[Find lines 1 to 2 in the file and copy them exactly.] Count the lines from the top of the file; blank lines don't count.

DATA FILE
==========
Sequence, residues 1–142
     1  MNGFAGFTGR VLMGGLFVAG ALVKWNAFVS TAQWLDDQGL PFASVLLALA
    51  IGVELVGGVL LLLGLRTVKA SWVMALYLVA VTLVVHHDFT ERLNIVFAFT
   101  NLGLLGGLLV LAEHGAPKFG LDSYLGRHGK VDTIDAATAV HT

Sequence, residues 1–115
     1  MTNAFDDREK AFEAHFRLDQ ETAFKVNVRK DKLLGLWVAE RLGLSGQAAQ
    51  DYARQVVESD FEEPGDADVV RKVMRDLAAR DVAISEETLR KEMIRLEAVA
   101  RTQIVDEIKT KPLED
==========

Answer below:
Sequence, residues 1–142
     1  MNGFAGFTGR VLMGGLFVAG ALVKWNAFVS TAQWLDDQGL PFASVLLALA